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“Many of these historic structures already have an identified use and many more have clear potential to be used in future. Historic bridges, viaducts and tunnels, for example, help to facilitate walking and cycling routes throughout the country. Plans to demolish and infill these structures not only block existing, and potential, walking and cycling routes, but also prevent the structures being used to reopen historic railway lines.

“Around one-third of these 130 structures, for many reasons, have no realistic prospect of offering any public value. In such cases, it is reasonable to demolish or infill these structures, but, in principle, effort should be made to preserve the estate and encourage local communities to make use of these assets.”

He also challenges the use of permitted development powers which, in many cases, Highways England is invoking to progress work on structures that are effectively safeguarded from adverse development through policies adopted by local councils.

“The future of these historic bridges, viaducts and tunnels should be determined by an open, transparent and democratic process,” says Mr Merriman. “Highways England should assess both the safety and value of these structures and, in non-urgent cases, apply to local authorities for planning permission, if it wishes to demolish or infill them.”

Graeme Bickerdike, a member of The HRE Group, said: “We welcome the transport committee’s scrutiny of the approach being taken by Highways England in managing the Historical Railways Estate. Supported by the DfT, the company is guilty of an assault on our great railway heritage and democratic process, pulling the rug from under those who are trying to build a better future for their communities.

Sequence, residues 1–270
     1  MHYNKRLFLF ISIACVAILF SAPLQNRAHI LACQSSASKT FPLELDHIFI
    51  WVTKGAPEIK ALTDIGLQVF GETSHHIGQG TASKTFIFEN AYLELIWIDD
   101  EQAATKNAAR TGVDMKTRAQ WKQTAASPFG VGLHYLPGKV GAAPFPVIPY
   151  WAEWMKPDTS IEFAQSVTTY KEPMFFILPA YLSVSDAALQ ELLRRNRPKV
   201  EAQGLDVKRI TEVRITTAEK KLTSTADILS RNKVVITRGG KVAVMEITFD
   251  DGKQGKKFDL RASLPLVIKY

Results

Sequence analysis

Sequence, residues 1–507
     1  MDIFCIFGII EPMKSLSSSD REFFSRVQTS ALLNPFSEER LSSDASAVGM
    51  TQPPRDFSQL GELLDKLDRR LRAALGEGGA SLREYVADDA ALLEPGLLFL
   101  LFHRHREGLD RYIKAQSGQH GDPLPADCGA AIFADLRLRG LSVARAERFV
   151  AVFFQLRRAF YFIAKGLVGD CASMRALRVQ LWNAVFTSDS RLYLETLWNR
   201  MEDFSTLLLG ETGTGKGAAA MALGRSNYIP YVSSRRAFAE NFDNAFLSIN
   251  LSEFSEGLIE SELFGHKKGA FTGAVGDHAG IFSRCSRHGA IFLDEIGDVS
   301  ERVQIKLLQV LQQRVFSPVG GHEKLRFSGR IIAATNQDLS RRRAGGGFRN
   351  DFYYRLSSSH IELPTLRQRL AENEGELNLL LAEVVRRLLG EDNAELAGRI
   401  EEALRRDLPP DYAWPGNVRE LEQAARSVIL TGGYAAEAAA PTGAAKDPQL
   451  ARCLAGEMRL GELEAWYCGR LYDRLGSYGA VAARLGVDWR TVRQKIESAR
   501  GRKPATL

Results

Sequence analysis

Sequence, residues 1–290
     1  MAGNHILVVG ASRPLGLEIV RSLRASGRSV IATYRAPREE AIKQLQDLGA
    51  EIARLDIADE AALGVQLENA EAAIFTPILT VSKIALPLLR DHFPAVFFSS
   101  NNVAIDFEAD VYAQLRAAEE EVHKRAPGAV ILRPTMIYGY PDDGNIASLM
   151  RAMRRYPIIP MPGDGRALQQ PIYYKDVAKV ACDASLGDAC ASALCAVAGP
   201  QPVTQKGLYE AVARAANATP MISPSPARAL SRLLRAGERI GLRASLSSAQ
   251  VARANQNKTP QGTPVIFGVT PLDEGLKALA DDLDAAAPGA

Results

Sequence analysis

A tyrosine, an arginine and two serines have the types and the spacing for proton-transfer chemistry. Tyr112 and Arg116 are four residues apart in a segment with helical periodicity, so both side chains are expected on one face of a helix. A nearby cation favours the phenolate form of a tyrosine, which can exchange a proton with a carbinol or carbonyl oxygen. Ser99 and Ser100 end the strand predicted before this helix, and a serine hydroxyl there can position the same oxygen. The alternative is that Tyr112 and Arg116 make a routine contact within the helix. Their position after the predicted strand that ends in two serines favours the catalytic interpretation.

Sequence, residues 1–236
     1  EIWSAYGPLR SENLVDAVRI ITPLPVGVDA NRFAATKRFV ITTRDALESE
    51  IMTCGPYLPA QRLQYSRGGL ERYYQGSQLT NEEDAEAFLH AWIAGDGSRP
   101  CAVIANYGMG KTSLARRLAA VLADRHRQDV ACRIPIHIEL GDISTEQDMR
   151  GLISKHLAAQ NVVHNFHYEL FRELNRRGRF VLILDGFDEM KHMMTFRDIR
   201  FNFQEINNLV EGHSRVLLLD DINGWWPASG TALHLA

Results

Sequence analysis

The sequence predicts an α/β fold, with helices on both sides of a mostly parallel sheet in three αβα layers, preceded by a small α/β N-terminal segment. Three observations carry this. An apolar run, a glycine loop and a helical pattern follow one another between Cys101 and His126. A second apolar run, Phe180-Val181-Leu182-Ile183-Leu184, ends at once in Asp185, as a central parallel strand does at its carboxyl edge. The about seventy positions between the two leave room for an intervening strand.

“In Herefordshire, Northumberland, East Renfrewshire and elsewhere, proposals for new active travel routes are now in doubt because Highways England is recklessly pursuing infilling and demolition schemes without engineering justification or any prior appraisal as to the impacts of their actions.

“At a time when the value of fresh air and green space has never been clearer, it is unsustainable for the government to allow vandalism of this kind if it expects us to take seriously its stated commitment to driving an active travel revolution.”

A Highways England spokesperson said: “The vast majority of our work on the Historical Railway Estate is to repair, strengthen and refurbish the 3,122 structures we manage.

“Our five-year plan includes only 15 demolitions, six of which are to remove redundant abutments and three of which have local authority approval. Infill or demolition is only considered on structures that are unsafe.

“In addition to our repair, strengthening and refurbishment work, we have plans to infill a small number of structures. Infills, some of which are only partial and retain pedestrian routes, aren’t permanent and are built in a way that allows for them to be reversed should organisations become interested in the structures future use.”